Feeds

Colonel: US Army has working electropulse grenades

Machine rebellion strangled at birth?

High performance access to file storage

Contradicting previous reports, a US Army electronic-warfare colonel has apparently confirmed the existence of working non-nuclear electromagnetic pulse (EMP) ordnance - apparently so portable that it is even available in hand-grenade size.

The revelation came at a blogger roundtable (press conference) held in order to introduce the US Army's new electronic-warfare specialist career field. The briefing was reported by the war-hacks at Military.com:

"EMP grenade technology is out there, but I've never had my hands on one," said Col Laurie Buckhout, chief of the newly formed Electronic Warfare Division, Army Operations, Readiness and Mobilization...

The target may be a small building or a village, she said, and so a small jammer could be used, or EMP grenades.

The conventional method of generating an EMP powerful enough to disable electronics over a large area is the detonation of a nuclear weapon. However, militaries worldwide have long wished to have such a capability in less-drastic form. This has led to extensive speculation on pulse bombs powered by conventional explosives, or High Powered Microwave (HPM) raygun-style kit*.

Even the highly advanced US forces hadn't been generally thought to have developed a successful pulse-bomb yet, with most reports indicating that such a capability remains a few years off (as has been the case for decades). Furthermore, the pulse ordnance has usually been seen as large and heavy, in the same league as an aircraft bomb or cruise missile warhead - or in the case of an HPM raygun, of a weapons-pod or aircraft payload size.

Now, however, it appears that in fact the US military has already managed to get the coveted pulse-bomb tech down to grenade size. Colonel Buckhout apparently envisages the Army electronic warfare troopers of tomorrow lobbing a pulse grenade through the window of an enemy command post or similar, so knocking out all their comms.

The existence of pulse bombs one can clip to one's belt would also imply that bigger ones have been made. (US military-sponsored efforts to develop EMP-proof radars might lend this some credence, it wasn't for the agency involved.) It would seem that the unstoppable droid assassins, prowling aerial hunter-killers etc of the future have been stymied before they even properly got their boots on got booted up.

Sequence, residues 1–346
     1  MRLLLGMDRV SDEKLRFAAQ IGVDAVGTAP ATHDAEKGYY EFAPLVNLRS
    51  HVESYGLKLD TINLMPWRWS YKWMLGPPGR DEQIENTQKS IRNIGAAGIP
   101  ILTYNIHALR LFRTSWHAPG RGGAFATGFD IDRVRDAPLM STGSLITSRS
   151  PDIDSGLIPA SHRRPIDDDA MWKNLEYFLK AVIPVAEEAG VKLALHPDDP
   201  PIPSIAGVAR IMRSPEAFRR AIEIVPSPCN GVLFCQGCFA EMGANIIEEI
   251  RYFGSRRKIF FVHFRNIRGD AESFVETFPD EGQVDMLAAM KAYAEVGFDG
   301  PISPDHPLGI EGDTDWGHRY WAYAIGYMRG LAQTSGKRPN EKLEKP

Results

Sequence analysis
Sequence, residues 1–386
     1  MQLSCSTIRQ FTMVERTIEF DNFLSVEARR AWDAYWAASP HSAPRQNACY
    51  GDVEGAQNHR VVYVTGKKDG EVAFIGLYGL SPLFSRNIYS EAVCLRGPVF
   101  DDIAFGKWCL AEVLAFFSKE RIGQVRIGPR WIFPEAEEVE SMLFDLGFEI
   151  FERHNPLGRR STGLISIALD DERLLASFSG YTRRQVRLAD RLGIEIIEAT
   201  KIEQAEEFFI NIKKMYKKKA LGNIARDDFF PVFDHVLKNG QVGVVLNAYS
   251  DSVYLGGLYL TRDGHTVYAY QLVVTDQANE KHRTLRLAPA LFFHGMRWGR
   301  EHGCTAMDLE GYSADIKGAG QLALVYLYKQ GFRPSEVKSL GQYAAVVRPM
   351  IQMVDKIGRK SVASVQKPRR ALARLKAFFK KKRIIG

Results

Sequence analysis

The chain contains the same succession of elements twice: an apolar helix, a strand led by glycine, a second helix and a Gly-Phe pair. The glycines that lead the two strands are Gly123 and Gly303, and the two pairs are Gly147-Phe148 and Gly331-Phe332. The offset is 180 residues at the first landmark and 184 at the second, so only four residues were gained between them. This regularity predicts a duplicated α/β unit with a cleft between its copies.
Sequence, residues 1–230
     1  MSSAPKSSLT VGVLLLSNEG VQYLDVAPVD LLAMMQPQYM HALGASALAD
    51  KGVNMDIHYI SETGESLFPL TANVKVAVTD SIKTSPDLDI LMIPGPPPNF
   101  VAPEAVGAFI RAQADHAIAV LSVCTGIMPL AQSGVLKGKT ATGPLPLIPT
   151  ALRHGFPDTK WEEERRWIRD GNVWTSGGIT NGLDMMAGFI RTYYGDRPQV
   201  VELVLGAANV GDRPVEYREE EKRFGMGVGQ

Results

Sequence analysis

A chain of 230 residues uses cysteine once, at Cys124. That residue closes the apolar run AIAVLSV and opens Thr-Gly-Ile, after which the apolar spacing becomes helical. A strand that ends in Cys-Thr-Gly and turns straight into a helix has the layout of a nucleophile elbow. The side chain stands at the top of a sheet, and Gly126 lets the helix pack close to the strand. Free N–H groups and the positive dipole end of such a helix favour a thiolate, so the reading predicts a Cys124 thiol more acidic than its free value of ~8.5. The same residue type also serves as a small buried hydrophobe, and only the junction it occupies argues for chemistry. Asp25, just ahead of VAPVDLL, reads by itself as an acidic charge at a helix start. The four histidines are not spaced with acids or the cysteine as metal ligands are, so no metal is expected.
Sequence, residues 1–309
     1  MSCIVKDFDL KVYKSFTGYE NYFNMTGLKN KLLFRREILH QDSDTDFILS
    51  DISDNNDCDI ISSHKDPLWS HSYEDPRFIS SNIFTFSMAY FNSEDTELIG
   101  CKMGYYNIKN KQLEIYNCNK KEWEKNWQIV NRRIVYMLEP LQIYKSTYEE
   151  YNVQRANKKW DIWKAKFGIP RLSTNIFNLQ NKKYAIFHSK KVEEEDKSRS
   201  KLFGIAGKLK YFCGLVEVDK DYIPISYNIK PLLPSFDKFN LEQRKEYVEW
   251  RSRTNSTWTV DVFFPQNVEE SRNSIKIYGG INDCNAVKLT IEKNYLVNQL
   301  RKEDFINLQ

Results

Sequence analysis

Nonetheless, despite the apparently authoritative nature of the source, we're going to file this one under "unconfirmed".

Read the Military.com report here. ®

*US Justice Department labs say they have built a "small working prototype" portable microwave rifle, potentially able to act as a tracking radar unit, a heat/pain raygun, or a millimetre wave through-clothes nudie perv scanner of the sort which has caused controversy in airport use.

High performance access to file storage

More from The Register

next story
Video games make you NASTY AND VIOLENT
Especially if you are bad at them and keep losing
Russian deputy PM: 'We are coming to the Moon FOREVER'
Plans to annex Earth's satellite with permanent base by 2030
Solar-powered aircraft unveiled for round-the-world flight
It's going to be a slow and sleepy flight for the pilots
LOHAN's Punch and Judy show relaunches Thursday
Weather looking good for second pop at test flights
Honeybee boffin STINGS OWN WEDDING TACKLE... for SCIENCE
Not the worst place to be stung, says one man
India's GPS alternative launches second satellite
Closed satnav system due to have all seven birds aloft by 2016
Curiosity finds not-very-Australian-shaped rock on Mars
File under 'messianic pastries' and move on, people
Top Secret US payload launched into space successfully
Clandestine NRO spacecraft sets off on its unknown mission
prev story

Whitepapers

Mainstay ROI - Does application security pay?
In this whitepaper learn how you and your enterprise might benefit from better software security.
Five 3D headsets to be won!
We were so impressed by the Durovis Dive headset we’ve asked the company to give some away to Reg readers.
3 Big data security analytics techniques
Applying these Big Data security analytics techniques can help you make your business safer by detecting attacks early, before significant damage is done.
The benefits of software based PBX
Why you should break free from your proprietary PBX and how to leverage your existing server hardware.
Mobile application security study
Download this report to see the alarming realities regarding the sheer number of applications vulnerable to attack, as well as the most common and easily addressable vulnerability errors.